By Pilgrim Anitra Yu
As the youngest pilgrim on the Inroads’ Guadalupe Expedition and my first pilgrimage overseas and away from my family, my first reaction to my parents’ full support cannot simply be expressed in a few words! I had registered a good few 3 months ago and as I was counting down to our takeoff I had thought about the different places we were going, wondering who we would meet, the food we would have, our accommodation etc but as inexperienced as I am, not one split second did it cross my mind how extremely worn out, how tired and how sick I would be during this 14 day pilgrimage. A 17 year old who had just finished her HSC, that was definitely the last thing anyone could imagine. So leaving for an early flight on 13th January, I was totally pumped though half asleep! Not looking forward to spending so much time on a plane having not been on a plane since I was 4 and not remembering the experience at all. Sleepy but unable to sleep upright, I had no choice but to stay awake and keep myself entertained with movies whilst trying to understand what the other two ladies sitting next to me were saying (unfortunately they didn’t speak English so communication was a bit of a problem).
Nevertheless the other 16 pilgrims (Bishop Comensoli was yet to meet us in LA) and I arrived in Seoul with eyes barely opened and patiently awaited our flight to LA which was made easier with their International Airport wifi! Jetlagged as we were, we boarded out flight to LA (another long flight) and arrived safely where we were delighted to see Bishop Comensoli with a big smile on his face. After our visit to Our Lady of the Angels and celebrated mass in one of their chapels we were excited to arrive at our hotel and sleep properly!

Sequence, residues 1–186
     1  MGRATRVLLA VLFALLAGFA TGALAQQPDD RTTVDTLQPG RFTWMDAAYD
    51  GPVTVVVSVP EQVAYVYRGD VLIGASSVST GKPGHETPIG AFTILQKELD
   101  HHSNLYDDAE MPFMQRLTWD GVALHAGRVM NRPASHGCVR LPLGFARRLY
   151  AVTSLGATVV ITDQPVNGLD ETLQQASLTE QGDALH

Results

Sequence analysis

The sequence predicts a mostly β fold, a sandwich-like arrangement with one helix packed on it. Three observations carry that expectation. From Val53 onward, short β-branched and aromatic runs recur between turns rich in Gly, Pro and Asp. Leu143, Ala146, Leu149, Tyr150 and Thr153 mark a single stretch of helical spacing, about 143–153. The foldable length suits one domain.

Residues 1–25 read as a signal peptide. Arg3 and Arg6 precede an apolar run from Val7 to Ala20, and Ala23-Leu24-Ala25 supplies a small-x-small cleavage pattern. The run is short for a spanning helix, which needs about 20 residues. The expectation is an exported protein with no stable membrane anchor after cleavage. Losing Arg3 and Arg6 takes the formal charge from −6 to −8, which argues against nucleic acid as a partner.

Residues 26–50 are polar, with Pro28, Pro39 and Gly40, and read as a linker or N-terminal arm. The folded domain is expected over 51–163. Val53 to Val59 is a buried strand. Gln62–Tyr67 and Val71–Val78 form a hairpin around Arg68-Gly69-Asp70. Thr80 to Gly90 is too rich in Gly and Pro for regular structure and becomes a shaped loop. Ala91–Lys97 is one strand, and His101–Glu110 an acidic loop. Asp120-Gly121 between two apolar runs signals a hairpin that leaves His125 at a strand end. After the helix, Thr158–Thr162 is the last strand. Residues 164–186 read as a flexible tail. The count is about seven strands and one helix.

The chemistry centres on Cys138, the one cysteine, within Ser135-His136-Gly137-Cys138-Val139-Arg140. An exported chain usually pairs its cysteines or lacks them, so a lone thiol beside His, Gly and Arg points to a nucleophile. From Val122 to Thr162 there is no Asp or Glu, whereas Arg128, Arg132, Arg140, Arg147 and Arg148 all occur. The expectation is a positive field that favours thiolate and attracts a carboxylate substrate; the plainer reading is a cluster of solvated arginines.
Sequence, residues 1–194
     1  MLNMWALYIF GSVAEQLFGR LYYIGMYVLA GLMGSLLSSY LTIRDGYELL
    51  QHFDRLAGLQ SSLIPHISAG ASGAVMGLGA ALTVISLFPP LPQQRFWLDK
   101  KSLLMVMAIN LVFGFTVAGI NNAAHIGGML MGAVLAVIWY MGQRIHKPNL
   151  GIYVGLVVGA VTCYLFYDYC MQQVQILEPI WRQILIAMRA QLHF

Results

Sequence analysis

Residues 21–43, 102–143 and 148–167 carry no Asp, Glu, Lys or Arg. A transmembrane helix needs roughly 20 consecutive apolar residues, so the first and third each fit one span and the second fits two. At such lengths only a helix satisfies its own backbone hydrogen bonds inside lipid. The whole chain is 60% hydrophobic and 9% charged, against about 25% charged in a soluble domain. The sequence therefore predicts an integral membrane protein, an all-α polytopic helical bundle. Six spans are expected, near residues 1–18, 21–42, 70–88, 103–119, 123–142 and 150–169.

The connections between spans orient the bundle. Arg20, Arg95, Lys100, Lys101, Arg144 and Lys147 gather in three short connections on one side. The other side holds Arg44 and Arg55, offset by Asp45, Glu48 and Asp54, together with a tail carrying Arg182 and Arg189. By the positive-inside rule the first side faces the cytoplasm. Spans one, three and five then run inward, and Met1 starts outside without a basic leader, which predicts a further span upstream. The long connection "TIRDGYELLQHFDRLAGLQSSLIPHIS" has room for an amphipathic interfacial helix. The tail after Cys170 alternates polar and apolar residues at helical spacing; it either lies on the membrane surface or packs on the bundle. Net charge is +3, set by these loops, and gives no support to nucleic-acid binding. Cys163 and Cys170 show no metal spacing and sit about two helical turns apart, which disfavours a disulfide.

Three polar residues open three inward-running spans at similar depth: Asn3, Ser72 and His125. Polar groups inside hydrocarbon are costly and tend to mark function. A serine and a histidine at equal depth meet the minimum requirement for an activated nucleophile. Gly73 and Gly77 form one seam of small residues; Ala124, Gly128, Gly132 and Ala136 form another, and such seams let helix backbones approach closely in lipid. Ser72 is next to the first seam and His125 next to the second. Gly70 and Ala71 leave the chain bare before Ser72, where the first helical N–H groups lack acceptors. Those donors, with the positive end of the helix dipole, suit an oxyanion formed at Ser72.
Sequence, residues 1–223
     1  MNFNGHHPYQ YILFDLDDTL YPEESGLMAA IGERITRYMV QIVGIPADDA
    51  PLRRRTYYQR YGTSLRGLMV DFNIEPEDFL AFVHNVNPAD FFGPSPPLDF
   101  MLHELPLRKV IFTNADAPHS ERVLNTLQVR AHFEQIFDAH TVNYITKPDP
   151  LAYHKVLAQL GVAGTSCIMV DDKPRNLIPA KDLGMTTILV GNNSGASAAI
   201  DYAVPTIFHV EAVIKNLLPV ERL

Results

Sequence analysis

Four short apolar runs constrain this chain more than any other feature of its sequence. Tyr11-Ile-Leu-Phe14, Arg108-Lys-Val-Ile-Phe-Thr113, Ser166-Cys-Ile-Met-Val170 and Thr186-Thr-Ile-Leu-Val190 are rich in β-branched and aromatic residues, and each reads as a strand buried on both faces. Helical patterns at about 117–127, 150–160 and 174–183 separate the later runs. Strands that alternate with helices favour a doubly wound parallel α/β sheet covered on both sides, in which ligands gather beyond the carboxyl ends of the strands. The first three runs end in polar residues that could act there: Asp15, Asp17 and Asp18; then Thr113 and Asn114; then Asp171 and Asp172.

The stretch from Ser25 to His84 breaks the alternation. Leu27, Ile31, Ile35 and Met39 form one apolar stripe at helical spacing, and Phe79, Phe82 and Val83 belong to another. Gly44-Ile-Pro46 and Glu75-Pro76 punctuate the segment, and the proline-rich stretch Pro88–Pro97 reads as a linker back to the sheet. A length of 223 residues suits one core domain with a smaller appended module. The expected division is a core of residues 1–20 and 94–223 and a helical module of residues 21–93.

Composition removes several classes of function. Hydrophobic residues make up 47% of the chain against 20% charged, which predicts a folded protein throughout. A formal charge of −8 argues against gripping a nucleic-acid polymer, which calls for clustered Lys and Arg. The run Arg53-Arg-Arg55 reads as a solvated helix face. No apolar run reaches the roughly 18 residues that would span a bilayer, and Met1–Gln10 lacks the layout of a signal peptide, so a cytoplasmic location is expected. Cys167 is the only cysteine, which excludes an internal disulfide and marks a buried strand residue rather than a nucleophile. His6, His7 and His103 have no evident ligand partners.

Early wake up call by Jessica Langrell who shared a room with me was probably not the most delightful thing at 5am in the morning but I do commend her for doing it with the slightest nudge of her hand! Little did I know that not only was I very tired and could barely stay awake and that half the time I got my words mixed up, the shock of such long flights was starting to take its toll on me. We boarded a 3.5 flight to Mexico City and like mentioned earlier, the plane was going at extremely high speeds despite the strong turbulence and the landing was indeed ROUGH! It affected not only me but a lot of other pilgrims! As for me, I experienced severe motion sickness. The moment I got off the plane my first thought was: I think I have a phobia to planes now and that’s not a great start considering how many more hours I was going to spend on planes.
My secondthought was: I was dying to visit the Shrine of Our Lady of Guadalupe – it was the height of this first leg of the pilgrimage and being sick was NOT what I had planned. Fumbling around feeling light headed and was about to throw up at any moment, I fetched my travel wallet. Thanks to Lauren Langrell who was quick to notice my awkwardly strange movements she kindly offered her arm to me as she patiently walked me over to immigration. Seeing the lines at immigration (a lot shorter than the ones back in LA) was a bit of a relief but feeling somewhat faint as well, every second felt like hours. So early in the pilgrimage I felt a spiritual battle within myself. I knew that God had called me and the other 17 pilgrims to this once in a lifetime experience and to feel sick so early on brought many questions of doubt but I knew that God wanted me to learn something from that experience and one thing I learnt quickly was to not that the friendship and love of all 17 pilgrims for granted. Each of them had something to offer me whether it was just a friendly smile or a quick, “Are you feeling ok?” Thanks to our coordinator Sam- well’s height he could easily grab the attention of an immigration officer and in the next one minute I found myself sitting in their waiting room.